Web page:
Dr William Monteith, Senior Lecturer in Human Geography at Queen Mary has written for The Conversation on the concept of work and the need to reimagine it based on the experiences of the global majority.
When people hear of ‘work’, it is usually waged or salaried employment. Governments and commentators rarely speak of the work of hustling, child-rearing or subsistence farming. Instead, work is generally referred to in the narrowly economic and legal sense as non-domestic, legally codified, paid employment.
Yet this model of work is the global exception. Wage employment was invented by European states in the 18th and 19th centuries to generate an industrial workforce. It later provided social protections such as sick pay, holidays and pensions to groups of predominantly able-bodied white male workers through what became known as the ‘standard employment relationship’. But this relationship was only ever available to a minority of people outside Western Europe and North America.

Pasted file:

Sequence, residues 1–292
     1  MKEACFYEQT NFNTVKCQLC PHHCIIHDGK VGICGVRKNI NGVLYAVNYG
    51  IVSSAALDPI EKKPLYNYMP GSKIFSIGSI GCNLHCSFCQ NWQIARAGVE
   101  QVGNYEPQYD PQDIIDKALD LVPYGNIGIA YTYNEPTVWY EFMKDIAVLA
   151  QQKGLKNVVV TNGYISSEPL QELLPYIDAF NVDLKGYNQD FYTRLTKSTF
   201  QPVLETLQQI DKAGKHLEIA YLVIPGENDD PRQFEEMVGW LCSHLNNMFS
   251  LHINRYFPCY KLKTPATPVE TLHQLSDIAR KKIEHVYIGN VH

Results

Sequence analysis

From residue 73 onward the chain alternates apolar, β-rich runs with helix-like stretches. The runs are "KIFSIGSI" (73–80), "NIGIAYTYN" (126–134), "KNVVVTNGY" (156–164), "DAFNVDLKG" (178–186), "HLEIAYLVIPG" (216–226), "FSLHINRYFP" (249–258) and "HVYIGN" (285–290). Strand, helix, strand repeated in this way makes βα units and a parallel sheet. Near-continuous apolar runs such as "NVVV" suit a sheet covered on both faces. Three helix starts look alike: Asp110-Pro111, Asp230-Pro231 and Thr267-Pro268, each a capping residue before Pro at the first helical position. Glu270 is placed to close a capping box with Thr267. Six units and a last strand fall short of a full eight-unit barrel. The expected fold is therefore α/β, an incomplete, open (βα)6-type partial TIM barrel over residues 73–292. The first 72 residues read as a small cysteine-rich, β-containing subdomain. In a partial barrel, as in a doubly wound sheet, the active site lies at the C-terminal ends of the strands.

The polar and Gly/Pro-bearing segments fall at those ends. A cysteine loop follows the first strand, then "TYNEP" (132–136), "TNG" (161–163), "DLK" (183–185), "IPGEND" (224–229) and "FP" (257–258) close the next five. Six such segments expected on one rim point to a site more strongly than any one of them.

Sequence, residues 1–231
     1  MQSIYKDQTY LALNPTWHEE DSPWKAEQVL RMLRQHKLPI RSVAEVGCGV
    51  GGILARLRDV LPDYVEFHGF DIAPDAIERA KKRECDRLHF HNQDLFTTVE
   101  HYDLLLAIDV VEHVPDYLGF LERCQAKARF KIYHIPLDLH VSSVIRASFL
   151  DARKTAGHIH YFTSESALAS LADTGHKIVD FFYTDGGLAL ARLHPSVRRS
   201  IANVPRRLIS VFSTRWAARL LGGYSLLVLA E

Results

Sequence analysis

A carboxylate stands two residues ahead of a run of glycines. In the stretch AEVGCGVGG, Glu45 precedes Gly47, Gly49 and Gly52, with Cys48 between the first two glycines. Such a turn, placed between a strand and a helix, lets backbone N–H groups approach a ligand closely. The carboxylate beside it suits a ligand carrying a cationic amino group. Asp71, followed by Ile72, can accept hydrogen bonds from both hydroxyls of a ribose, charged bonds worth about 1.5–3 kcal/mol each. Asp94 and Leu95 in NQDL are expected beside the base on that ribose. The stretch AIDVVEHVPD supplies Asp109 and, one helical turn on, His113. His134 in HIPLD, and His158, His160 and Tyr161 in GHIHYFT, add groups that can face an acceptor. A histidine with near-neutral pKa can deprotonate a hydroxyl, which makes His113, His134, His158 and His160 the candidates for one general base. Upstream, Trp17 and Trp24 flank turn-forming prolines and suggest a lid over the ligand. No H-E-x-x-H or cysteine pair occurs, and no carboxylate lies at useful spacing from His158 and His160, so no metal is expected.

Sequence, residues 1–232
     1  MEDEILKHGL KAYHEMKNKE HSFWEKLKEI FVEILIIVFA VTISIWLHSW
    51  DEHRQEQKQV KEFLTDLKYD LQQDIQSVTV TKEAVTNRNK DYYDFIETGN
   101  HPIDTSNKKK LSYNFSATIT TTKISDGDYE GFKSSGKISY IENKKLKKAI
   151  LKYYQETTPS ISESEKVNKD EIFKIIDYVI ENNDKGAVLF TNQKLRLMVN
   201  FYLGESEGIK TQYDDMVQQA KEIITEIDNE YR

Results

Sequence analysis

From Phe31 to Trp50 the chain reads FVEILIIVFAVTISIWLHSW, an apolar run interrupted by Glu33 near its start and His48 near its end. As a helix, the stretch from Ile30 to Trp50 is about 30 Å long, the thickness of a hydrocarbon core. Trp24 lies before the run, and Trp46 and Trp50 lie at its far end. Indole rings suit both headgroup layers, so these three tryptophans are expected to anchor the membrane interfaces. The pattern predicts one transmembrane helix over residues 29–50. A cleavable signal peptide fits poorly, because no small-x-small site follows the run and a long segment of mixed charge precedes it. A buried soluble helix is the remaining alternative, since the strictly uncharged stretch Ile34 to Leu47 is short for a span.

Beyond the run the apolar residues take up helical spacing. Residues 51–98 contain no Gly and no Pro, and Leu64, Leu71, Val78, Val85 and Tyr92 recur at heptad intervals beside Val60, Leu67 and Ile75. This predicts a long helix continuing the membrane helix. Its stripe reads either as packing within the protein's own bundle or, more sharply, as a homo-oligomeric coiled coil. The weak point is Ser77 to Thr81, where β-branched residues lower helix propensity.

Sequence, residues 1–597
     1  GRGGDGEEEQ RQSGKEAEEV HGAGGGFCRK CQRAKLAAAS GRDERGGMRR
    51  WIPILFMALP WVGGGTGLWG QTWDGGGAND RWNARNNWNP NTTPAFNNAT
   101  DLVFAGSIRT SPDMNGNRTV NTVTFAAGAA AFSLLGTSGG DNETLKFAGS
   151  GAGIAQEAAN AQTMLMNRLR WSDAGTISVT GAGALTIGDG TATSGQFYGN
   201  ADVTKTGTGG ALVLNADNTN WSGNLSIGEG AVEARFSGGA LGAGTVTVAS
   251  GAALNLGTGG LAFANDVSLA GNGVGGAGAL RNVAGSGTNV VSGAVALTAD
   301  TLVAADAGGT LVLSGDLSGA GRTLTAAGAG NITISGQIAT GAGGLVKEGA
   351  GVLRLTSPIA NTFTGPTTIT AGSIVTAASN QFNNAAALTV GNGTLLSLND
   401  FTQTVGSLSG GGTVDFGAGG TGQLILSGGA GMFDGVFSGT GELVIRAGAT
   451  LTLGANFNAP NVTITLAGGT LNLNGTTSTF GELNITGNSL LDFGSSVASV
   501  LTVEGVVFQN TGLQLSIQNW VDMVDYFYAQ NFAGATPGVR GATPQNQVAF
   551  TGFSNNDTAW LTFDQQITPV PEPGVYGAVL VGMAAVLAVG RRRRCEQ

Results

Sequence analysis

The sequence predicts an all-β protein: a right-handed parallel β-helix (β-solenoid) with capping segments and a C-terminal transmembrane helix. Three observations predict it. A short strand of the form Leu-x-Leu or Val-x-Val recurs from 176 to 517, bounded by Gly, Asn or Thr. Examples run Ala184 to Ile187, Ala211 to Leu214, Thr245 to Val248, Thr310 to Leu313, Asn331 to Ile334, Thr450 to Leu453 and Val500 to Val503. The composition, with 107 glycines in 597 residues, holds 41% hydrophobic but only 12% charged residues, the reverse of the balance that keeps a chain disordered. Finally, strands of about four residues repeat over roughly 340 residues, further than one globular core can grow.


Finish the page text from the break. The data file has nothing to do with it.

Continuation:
Recent developments in the organisation of production have led to the decline of wage employment across much of the world. Historical forms of precarious work, such as farming and market trading, have been accompanied by more recent waves of casualisation. This has left a growing proportion of the workforce insecure, poor and without social protection.
At the same time, digital technologies have facilitated the emergence of new forms of precarious (self) employment in the burgeoning ‘gig economy’.
Read the full article here.